4-County offers energy saving tips

By: 
MARY RUMORE
Staff Writer

As the summer heat bears down with temperatures in the 90’s each day, it is no surprise that electric bills have gone up in an attempt to stay cool with air conditioning.

According to 4-County Electric Power Association, more than 50 percent of energy used in a home comes from heating and cooling.

“There’s twice a year that we get high bills and that’s during the extreme temperatures,”

4-County Manager of Public Relations and Marketing Jon Turner said. “We expect them in the summertime, but we also get them in the wintertime as well.”

Turner said anything that adds to ambient heat in a house will increase energy usage during the hot months, such as leaving lights on, cooking during the hottest part of the day and opening exterior doors often.

“Even if you have the most efficient air conditioner or HVAC unit out there, they’re only made to run within certain temperature ranges,” Turner said. “So when it get so be extraordinarily hot temperatures and stays that way, even if your air conditioner is brand new and very expensive, it's not going to go off that often and continue to run.”

Turner recommended turning off lights, only cooking during cooler parts of the day, keeping doors shut as often as possible, keeping the lint trap cleaned out on the dryer, using ceiling fans and sealing cracks in door and window frames with weather stripping to help keep the temperature down inside homes to use less energy.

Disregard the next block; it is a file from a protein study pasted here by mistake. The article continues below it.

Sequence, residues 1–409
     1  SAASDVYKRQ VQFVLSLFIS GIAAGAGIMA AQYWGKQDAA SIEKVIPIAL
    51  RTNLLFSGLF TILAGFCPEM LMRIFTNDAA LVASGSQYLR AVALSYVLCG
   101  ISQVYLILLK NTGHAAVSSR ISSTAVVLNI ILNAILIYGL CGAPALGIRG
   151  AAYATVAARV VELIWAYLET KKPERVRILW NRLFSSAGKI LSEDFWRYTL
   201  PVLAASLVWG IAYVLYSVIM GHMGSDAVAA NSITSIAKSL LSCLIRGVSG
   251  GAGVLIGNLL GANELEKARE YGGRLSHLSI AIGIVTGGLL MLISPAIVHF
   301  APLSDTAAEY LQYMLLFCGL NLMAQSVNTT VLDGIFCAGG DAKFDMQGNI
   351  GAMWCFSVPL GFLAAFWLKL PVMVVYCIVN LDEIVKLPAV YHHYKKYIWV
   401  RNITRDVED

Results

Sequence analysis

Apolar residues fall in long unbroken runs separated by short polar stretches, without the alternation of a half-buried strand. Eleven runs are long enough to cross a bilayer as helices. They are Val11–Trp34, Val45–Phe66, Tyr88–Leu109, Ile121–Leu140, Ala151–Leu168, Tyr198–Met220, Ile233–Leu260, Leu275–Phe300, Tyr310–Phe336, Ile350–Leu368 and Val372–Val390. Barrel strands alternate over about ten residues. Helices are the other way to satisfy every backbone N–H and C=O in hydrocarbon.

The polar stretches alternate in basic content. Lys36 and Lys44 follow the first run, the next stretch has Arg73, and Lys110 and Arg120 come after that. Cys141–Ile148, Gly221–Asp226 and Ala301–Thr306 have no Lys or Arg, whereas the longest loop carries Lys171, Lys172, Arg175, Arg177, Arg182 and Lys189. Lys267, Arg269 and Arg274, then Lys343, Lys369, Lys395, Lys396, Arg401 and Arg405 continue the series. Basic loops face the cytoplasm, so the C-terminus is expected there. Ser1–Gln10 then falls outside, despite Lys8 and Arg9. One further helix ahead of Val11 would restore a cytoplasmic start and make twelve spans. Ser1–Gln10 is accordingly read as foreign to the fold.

“Anything you can do to make sure you’re not wasting energy,” Turner said. “Just think about what you’re doing, and there’s plenty of simple things you can do, like changing your air filter on your heating and cooling system. If that filter is dirty your system has to work harder.”

Turner said more energy tends to be used when children are out of school for holidays because people are at home all day and more cooking and laundry is done.

The average customer spends 20 percent of its energy bill on appliances, according to 4-County Turner said customers average around $5 each day in energy usage, but that amount quickly adds up each month.

Learning how homeowners use their power each day and making one or two small changes in behavior can lower power bills, not just during the summer, but year-round, Turner said. 4-County members can set up a free account online and view their energy usage and receive alerts when certain amounts of energy are used.

“Out of all the things people can do, that’s probably the most important — just learning how they use their power and what it really cost them each day,” Turner said.

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